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Upper Deck drops its offer for Topps

The move clears a hurdle for a group led by Michael Eisner that wants to buy the firm.

August 22, 2007|From Times Wire Services

Upper Deck Co. withdrew its offer Tuesday to buy rival baseball card maker Topps Co., clearing one obstacle in the way of a proposed private equity takeover of the iconic sports memorabilia company.

New York-based Topps, maker of baseball cards and Bazooka bubble gum, has recommended that shareholders approve a deal with investors, including a group led by former Walt Disney Co. Chief Executive Michael Eisner. Shareholders are scheduled to complete a vote on that deal next week.

Eisner's Tornante Co. and the Chicago-based private equity firm Madison Dearborn Partners agreed to pay $9.75 a share, which amounts to a 9.4% premium over their first offer in early March.

The Tornante-Madison deal has been opposed by the Crescendo Advisors hedge fund and generated a lawsuit that accuses Topps directors of breaching their fiduciary duty by agreeing to sell the company at a price that was too low and signing off on measures to ward off other bidders.

For The Record
Los Angeles Times Tuesday, September 18, 2007 Home Edition Main News Part A Page 2 National Desk 1 inches; 43 words Type of Material: Correction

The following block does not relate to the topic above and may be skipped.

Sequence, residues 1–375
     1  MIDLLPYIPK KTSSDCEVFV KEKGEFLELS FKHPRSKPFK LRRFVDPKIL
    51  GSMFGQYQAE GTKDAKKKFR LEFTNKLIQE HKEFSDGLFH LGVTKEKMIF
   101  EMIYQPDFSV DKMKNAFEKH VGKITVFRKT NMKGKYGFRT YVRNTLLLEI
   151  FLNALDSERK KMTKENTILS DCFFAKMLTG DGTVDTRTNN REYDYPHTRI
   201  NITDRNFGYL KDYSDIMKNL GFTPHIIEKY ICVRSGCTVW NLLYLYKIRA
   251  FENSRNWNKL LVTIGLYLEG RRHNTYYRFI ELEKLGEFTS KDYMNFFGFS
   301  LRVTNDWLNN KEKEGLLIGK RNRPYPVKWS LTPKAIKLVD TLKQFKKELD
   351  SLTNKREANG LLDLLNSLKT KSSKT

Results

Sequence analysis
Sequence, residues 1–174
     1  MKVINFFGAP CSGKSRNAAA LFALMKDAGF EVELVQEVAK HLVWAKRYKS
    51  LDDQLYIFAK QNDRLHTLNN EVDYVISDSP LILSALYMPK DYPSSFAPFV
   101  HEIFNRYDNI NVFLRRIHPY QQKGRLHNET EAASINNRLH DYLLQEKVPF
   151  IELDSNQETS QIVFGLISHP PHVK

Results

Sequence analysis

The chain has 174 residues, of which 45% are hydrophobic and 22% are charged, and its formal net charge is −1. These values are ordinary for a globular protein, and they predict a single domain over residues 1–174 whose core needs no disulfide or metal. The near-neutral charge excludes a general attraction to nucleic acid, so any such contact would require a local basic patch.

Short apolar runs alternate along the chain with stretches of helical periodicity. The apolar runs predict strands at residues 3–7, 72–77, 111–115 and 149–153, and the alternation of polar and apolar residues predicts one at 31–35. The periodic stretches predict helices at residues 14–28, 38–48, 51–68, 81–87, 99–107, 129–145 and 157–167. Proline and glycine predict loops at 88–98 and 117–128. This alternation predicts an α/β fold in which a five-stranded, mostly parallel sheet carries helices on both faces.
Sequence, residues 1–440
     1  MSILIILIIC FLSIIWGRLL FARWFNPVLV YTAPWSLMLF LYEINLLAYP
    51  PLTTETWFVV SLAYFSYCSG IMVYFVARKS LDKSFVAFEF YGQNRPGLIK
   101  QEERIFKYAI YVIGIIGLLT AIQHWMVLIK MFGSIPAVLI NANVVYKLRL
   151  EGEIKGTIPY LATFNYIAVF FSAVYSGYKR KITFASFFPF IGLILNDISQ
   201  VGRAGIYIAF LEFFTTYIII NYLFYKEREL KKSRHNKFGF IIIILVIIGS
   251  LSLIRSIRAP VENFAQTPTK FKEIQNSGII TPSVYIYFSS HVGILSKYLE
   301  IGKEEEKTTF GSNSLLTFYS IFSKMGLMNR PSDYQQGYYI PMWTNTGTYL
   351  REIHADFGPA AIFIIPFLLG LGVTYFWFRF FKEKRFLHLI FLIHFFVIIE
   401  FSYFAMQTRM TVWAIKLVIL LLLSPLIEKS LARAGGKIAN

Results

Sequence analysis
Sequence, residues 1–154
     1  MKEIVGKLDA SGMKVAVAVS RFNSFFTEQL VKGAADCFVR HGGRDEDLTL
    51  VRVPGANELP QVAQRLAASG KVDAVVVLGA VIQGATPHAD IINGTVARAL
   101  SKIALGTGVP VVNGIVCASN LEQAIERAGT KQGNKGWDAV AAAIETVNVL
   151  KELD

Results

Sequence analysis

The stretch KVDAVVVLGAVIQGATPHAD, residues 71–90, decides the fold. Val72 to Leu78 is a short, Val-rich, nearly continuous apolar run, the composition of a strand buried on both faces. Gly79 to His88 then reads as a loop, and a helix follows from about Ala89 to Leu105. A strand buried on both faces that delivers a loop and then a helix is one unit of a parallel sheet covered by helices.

Upper Deck: An Aug. 28 article in Business and other recent stories there about Upper Deck Co. said the sports-card company is based in Carlsbad, Calif. Upper Deck's headquarters are in Las Vegas. The company has marketing, research and product-development operations in Carlsbad.

Topps shares gained 7 cents to close at $10.01 on Tuesday.

Upper Deck had said it would pay $10.75 a share, but Topps executives raised doubts about Upper Deck's ability to complete the deal.

In a letter to Topps on Tuesday, Upper Deck attributed its decision to Topps management's "shameless" support for a lower bid. Shares already tendered will be returned, Carlsbad, Calif.-based Upper Deck said.

"It is now abundantly clear that Topps will attempt to impede any and all reasonable efforts to consummate" the Upper Deck merger, making pursuit of the company untenable, Upper Deck said.

Topps said in a letter to Upper Deck Chief Executive Richard McWilliam on Tuesday that despite its efforts it had not been able to reach a consensual agreement and had no assurance of reaching one. Last week, Upper Deck had said it was still interested in acquiring Topps.

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